PARKERSBURG -West Virginia Secretary of State Natalie Tennant defended her interpretation of the state code as it relates to filling the state's vacant U.S. Senate seat.
Earlier this week, West Virginia Attorney General Darrell McGraw said state law requires state officials to seek his opinion regarding the legal process to fill the Senate vacancy created by the passing of U.S. Sen. Robert C. Byrd, D-W.Va.
Tuesday in Parkersburg, Tennant acknowledged her office should have made a courtesy call to the attorney general, but she stands by the interpretation and the handling of the situation.
Photo by Jody Murphy
Melody Ross, Wood County deputy clerk, sings “The Star-Spangled Banner” Tuesday at Bicentennial Park as part of the Military and Overseas Voter Week kickoff. The program focuses on new initiatives to help deployed military and overseas citizens cast election ballots. Ross is flanked by West Virginia Secretary of State Natalie Tennant, Parkersburg Mayor Bob Newell and Jackson County Clerk Jeff Waybright.
"We deal with questions concerning code 20 to 30 times a day," she said. "It happens all the time."
Tennant pointed out her office handled interpretations of appointments for the state's 10th Senatorial District when Sen. Don Caruth died. In May, Gov. Joe Manchin appointed Delegate John Shott, R-Mercer, of Bluefield to fill the seat until a special election is held in November.
"We work with the code every day," she said.
Tennant last week said the state code, when more than 30 months remain in the Senate term, requires the governor to appoint someone to serve the unexpired term until a successor has been elected. That election can't be held until 2012 because the code requires a candidate to have filed during the filing period, which has passed for 2010, she said.
The secretary of state also renewed calls for Manchin to allow the state Legislature to update the state's succession law. Tennant is one of many requesting the matter be brought before a special session of the Legislature.
"I think the people should get their hands in elections," she said.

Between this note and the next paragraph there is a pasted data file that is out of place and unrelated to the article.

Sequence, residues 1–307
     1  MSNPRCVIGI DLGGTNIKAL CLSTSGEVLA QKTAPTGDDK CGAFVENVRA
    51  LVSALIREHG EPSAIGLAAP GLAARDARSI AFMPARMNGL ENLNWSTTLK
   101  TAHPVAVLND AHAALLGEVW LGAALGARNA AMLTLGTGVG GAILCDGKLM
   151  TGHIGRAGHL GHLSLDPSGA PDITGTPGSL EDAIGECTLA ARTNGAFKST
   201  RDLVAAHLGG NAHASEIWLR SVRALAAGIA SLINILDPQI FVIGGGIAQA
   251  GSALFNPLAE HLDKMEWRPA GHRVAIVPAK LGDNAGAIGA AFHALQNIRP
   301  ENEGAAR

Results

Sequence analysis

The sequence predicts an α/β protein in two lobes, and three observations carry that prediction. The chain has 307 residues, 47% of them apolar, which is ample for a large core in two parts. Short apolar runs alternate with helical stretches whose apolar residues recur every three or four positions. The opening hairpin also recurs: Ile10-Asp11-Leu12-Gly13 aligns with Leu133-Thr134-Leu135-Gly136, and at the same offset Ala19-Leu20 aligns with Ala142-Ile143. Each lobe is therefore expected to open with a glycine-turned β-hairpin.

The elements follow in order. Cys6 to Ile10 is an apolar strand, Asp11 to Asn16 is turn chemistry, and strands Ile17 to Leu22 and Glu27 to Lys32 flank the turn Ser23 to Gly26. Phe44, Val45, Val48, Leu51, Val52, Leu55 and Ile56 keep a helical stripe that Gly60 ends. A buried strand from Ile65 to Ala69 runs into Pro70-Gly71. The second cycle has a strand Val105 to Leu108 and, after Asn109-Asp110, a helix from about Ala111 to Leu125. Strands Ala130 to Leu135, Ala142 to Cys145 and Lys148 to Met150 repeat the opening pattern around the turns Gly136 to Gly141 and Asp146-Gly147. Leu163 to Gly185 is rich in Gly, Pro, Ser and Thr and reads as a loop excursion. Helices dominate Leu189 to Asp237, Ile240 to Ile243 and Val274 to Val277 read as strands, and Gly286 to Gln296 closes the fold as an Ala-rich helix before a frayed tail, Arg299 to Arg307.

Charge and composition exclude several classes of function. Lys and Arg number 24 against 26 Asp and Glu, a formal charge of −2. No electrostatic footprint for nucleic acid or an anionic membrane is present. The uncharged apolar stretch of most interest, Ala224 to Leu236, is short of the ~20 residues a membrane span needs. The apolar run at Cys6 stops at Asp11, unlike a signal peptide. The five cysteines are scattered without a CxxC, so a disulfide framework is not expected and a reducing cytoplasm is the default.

Tennant was asked why succession hadn't been updated before. The 92-year-old senator, who served for more than a half century, had been in frail health for several years.
Tennant said her office approached legislators last year. She said it was a delicate matter that many legislators didn't want to push.
"We asked lawmakers and their response was they didn't want to be part of a death watch," she said. "They wanted to show respect for the senator while he was still living."
Tennant was in Parkersburg to kick off Military and Overseas Voter Week. The secretary was joined by Parkersburg Mayor Bob Newell, Jackson County Clerk Jeff Waybright and Melody Ross, Wood County deputy clerk. The program focuses on new initiatives to help deployed military members and overseas citizens cast ballots.
Tennant said five West Virginia counties participated in the pilot program, including Wood and Jackson counties. Wood and Jackson counties recently took part in an online voting pilot program that saw an 80 percent ballot return rate.
She plans to ask the Legislature to expand the program to additional counties.
Manchin said he will begin work on selecting an appointee to fill Byrd's seat this week. Tennant's name has been mentioned - as both a senatorial appointee and a potential 2012 gubernatorial candidate.
Tennant isn't ruling anything out.
"I haven't discounted anything," she said. "I will look into it and consider it."